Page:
I woke up this morning recalling a dream I had in which I was at an event with John Cage. He was presenting to me and my students, and during a break in the event, he and I sat down together, he offered to let me have any ONE of the scores/resources that he had available at his house(??). The item I chose was apparently an educational book he wrote about creating improvisational scenarios in the classroom. I don’t know if such a thing actually exists. In any case, he was really excited about my choice, which in turn got me super excited about explaining the improvisation work my students and I have been doing in percussion ensemble. It was an amazing dream, I think, thanks to my conversations with Art Falbush this week about finding and re-finding the inspirations of our youth to help us keep our love for music alive.
AT work on floor and short meditation before practicing.
Warmup/Improvisation/Technique – hhhmmm….interesting. So, while I went in with Cage on my mind, I actually started and ended in very Steve Reich-ian way, starting with two notes (highest F and C), in ‘ah’ 1 repeating rhythm, and using additive procedures, incorporated more notes and slowly changing rhythmic/harmonic variations until all the space was full. Somehow that transitioned into a more sparse and delicately melodic section in which I was attempting to sign the pitches in my head before striking. And, in order to close the improv in a sensible way, I moved back to a busy Reich-ian rhythm and slowly deducted notes while very gradually decrescendo-ing.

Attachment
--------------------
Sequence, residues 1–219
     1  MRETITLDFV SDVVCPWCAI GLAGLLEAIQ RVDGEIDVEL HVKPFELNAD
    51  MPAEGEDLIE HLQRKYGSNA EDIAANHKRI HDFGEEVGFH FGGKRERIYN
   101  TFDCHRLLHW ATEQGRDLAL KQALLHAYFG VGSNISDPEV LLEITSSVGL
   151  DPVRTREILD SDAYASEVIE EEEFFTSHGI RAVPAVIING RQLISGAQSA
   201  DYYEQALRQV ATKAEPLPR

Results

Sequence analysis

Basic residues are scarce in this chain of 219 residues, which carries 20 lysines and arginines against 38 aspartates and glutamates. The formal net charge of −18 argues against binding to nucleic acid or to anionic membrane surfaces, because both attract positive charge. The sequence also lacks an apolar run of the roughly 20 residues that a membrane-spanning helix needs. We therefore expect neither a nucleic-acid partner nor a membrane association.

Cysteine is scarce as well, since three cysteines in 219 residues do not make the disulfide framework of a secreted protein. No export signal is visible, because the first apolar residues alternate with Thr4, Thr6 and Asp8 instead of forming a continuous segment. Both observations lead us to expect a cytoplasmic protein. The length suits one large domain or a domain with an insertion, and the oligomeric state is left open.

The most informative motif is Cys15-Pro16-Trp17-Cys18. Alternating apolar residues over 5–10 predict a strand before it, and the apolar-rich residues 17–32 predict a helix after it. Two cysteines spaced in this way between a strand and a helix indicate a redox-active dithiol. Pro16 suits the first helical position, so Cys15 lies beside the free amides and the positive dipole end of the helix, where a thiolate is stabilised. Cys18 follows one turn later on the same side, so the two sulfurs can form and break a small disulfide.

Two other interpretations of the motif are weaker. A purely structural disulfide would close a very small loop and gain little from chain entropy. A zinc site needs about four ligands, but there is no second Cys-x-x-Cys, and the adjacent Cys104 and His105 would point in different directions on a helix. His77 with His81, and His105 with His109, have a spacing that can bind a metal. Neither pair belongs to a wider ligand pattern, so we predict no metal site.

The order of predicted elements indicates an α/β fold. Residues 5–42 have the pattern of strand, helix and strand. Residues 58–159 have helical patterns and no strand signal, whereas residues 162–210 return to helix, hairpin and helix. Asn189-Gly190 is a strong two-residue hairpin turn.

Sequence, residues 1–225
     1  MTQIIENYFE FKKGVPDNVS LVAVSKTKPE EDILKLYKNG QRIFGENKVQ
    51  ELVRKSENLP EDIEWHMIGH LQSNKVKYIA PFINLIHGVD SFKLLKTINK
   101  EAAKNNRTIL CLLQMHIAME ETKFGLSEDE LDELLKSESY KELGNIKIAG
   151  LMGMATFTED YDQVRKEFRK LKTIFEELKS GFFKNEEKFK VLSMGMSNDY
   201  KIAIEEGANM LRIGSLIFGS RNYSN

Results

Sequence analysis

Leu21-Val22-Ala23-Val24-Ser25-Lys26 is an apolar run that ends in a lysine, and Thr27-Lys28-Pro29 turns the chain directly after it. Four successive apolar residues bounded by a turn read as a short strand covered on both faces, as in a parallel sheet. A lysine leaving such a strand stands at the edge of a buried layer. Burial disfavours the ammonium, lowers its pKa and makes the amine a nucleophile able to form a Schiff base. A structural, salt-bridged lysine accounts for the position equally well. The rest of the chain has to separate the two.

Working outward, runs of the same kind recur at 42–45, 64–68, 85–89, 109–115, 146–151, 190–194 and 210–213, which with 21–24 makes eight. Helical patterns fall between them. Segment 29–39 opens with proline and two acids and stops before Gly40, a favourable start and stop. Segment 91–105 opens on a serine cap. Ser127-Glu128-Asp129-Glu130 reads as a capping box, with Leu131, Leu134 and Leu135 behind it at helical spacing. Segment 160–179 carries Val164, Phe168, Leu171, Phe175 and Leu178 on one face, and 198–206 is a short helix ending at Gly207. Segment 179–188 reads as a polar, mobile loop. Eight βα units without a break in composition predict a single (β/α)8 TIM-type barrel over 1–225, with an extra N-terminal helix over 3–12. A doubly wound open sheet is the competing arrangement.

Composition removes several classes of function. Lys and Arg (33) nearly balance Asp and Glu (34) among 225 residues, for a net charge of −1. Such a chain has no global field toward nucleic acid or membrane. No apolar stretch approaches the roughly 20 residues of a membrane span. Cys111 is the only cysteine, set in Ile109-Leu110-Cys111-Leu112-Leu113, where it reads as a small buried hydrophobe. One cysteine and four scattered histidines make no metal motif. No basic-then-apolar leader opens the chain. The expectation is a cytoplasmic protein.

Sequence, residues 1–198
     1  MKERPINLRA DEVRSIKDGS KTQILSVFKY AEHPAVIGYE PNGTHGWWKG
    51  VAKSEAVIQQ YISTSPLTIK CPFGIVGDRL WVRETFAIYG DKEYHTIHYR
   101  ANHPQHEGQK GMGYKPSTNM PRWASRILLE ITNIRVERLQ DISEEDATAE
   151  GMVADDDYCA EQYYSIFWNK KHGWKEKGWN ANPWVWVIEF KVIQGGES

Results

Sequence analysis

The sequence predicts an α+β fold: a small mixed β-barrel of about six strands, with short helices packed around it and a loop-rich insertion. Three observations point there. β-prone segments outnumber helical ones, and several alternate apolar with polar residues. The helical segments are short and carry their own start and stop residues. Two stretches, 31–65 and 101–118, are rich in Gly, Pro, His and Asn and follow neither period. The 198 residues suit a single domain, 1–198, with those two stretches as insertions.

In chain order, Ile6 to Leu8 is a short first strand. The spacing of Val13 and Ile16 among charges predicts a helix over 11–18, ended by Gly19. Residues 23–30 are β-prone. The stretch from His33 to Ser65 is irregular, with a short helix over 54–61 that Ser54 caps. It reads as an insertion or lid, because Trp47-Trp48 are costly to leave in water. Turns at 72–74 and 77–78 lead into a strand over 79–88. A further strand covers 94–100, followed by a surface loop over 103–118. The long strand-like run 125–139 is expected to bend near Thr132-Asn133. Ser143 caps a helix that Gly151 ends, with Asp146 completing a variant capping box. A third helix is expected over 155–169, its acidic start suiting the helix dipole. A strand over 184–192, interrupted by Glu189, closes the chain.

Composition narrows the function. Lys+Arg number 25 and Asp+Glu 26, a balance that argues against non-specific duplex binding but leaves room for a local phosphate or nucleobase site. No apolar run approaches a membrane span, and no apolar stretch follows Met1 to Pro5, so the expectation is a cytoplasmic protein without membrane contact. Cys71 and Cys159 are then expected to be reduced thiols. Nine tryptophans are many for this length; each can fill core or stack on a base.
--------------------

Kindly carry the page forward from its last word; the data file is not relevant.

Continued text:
Sightreading – Bach Violin Sonata II Andante in Ami (it’s always Bach!) 😉 Every time I read this movement, I remember my professor Dr. Scott Herring’s beautiful performance of it.
Surface Drifts mm. 1-40 – (I have been focusing on these measures solely for the last few weeks because they are the most difficult to keep in my memory, and also most difficult to push the tempo.) I worked mm. 28-40 hands separate (starting with LH) and together, without metronome. Then read thru mm. 15-40 a few times before working beat-by-beat and in whole phrases with metronome at 55bpm. (Hey, I finally made it more than eight measures in an hour! I suppose the learning curve – at this tempo, anyway – is starting to lean upward!)